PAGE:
Victims of bullying earn less than peers

Published: 12 November 2013 at 13:58

Study by Anglia Ruskin economist discovers impact on wages and employment rates

Victims of bullying are likely to earn lower than average wages, according to research to be published in the International Journal of Manpower.

The study, led by Dr Nick Drydakis of Anglia Ruskin University, found that childhood bullying can lead to significant economic implications later in life. 

On average, victims of bullying earned 2.1% less than the average wage, were 3.3% less likely to be in employment, and were 4.1% less likely to be participating in the labour market (either in employment or actively looking for work).

The sample consisted of 7,500 respondents, aged between 18 and 65, who took part in the Greek Behavioural Study, with 8.4% of the respondents admitting to have been bullied on a frequent or constant basis.

The study discovered a negative correlation between bullying and human capital, with those who experienced bullying as a child 18.5% less likely to have a higher education degree or advanced IT and language skills.

It also found that gays, lesbians, immigrants and men are more negatively affected by bullying in terms of labour force participation, employment rate and wages.  For instance, gay and lesbian people who experienced bullying as a child face 12.4% lower wages, immigrants who experienced bullying as a child face 4.1% lower wages and men who experienced bullying as a child face 6.1% lower wages.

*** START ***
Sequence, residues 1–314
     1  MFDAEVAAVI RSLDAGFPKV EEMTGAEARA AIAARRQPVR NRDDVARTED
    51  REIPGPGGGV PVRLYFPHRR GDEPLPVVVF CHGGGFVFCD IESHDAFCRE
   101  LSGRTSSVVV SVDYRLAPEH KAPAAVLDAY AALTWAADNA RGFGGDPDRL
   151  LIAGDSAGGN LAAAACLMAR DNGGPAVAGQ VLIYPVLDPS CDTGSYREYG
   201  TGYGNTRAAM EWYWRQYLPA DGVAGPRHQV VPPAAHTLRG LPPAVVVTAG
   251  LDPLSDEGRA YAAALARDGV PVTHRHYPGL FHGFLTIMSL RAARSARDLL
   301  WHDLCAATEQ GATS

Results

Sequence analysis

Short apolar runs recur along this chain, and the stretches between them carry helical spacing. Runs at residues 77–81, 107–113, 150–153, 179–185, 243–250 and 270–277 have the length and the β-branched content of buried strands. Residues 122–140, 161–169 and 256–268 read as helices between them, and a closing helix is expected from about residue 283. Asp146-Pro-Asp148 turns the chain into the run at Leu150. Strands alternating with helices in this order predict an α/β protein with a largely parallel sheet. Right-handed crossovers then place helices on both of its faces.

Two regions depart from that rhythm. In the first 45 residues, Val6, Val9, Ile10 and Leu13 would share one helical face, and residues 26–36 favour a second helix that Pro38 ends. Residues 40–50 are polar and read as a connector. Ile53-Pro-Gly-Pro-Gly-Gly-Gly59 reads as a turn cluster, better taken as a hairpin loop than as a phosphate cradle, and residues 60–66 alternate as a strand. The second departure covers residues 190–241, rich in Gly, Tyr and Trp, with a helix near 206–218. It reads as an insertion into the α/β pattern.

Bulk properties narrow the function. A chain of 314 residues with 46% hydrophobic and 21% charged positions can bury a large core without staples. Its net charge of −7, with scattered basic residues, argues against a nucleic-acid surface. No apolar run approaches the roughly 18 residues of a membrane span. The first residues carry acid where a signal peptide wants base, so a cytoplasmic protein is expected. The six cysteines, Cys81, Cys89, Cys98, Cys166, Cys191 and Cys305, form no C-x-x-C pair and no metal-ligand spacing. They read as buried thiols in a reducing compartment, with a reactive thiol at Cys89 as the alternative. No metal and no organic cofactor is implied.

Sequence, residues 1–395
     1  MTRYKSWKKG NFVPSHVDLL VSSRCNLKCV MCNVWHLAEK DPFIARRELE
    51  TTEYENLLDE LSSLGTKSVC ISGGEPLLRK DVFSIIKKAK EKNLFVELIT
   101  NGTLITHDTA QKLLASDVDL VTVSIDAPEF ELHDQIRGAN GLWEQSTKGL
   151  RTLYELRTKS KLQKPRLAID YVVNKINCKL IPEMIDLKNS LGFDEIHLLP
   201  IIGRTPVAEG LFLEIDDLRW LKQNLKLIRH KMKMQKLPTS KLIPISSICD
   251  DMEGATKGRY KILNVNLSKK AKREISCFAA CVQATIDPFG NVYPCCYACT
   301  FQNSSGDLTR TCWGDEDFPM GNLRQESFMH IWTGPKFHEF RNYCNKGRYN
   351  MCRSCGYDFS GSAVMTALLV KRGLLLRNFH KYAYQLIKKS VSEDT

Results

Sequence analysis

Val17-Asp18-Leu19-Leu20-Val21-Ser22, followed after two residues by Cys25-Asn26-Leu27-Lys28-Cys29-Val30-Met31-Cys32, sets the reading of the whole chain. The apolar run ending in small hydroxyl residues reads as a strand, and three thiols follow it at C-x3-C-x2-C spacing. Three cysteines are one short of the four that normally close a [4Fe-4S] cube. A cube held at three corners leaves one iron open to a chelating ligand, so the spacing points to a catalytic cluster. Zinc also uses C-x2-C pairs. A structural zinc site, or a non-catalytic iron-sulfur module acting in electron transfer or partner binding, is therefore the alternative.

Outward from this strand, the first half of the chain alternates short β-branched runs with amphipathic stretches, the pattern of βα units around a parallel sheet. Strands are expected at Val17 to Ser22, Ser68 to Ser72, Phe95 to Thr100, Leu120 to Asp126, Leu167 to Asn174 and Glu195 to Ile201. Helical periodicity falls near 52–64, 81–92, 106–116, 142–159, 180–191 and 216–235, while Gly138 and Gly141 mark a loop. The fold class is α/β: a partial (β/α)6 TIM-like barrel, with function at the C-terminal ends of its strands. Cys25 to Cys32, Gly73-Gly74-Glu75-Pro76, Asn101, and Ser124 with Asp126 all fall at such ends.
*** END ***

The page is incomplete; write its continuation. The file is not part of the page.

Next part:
Dr Drydakis, a Senior Lecturer in Economics at Anglia Ruskin, said:

“Individuals without a history of being bullied have a higher probability of participating in the labour force, being employed, and receiving higher wages.
“On the other hand, individuals who experienced a serious intensity of bullying face the most statistically significant negative effects in terms of lower participation in the labour force, lower employment rates, and lower hourly wages.
“Most economic literature on the determination of wages has concentrated on traditional human capital variables, such as education and skills.  However, as the effects of bullying may affect individuals’ employment future, bullying should be of greater interest to economists.”